If we are going to have government officials administering something like a mass market Essential Skills visa scheme, and deciding who does and doesn’t get approval, surely a key aspect of any labour market test should be something along these lines?

“has the effective wage or salary rate for this occupation risen materially faster than wages and salaries more generally in New Zealand over the past couple of years?”

If not, how can you seriously use the term “skill shortage”?    Even if wages in a particular occupation have risen faster than the norm, it takes time for locals to respond and shift occupations, so one wouldn’t necessarily want to jump at the first sign of a bit of real wage inflation in a particular occupation, but if after a couple of years the pressures were persistent then some sort of Approval in Principle for temporary migrant labour –  at wages at or above those now prevailing in the domestic market – might make some sense as a shock absorber.  But MBIE seems perennially averse to markets adjusting in ways the generate higher real wages, even though that outcome is one core part of what we look for from a successful economy.

I’m not a fan of the teachers’ union propaganda arguing that some decades ago senior teachers earned as much as MPs, and that they should be again –  MPs seem to have been quite badly underpaid in that earlier period.  But I’d be surprised if the government could show that teacher salaries (and overall working condition-adjusted remuneration) have increased more rapidly than the market generally in recent years.  If not, surely higher salaries –  perhaps regionally differentiated – should be the first part of any adjustment, and if there is any resort permitted to offshore labour markets it should be explicitly temporary, backed by financial incentives/penalties of the sort I outlined above.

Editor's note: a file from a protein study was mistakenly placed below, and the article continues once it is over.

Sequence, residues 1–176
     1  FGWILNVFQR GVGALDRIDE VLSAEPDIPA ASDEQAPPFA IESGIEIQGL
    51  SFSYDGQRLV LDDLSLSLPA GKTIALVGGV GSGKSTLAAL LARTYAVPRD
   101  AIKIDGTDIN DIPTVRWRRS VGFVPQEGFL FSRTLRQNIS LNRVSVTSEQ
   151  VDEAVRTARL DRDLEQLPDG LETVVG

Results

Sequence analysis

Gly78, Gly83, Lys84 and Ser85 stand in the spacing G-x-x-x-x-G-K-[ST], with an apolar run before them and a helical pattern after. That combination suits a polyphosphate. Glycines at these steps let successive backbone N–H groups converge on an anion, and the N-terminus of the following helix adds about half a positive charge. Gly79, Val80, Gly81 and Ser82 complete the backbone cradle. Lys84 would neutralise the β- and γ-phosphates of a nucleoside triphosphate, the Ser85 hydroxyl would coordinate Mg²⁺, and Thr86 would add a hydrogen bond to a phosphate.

It sticks in the craw to stick up for teachers and their unions, but the market indications would appear to be on their side in this particular dispute.   Of course, the fact that there is a shortage doesn’t –  in an administered market like this –  tell one how much salaries should be adjusted (or the onerous paperwork burden eased), or the appropriate balance (starting salaries vs later progresssion) but the direction looks pretty clear.  And the proposal to resort to substantial offshore recruitment looks as if the government has indirectly conceded the case –  even as, again, it continues to preference the interests of offshore people over those of New Zealand workers.  Teachers might be less sympathetic than bus drivers, rest home workers, or shop assistants, but they are New Zealanders too.  Even, as it happens, substantial funders of the Labour Party.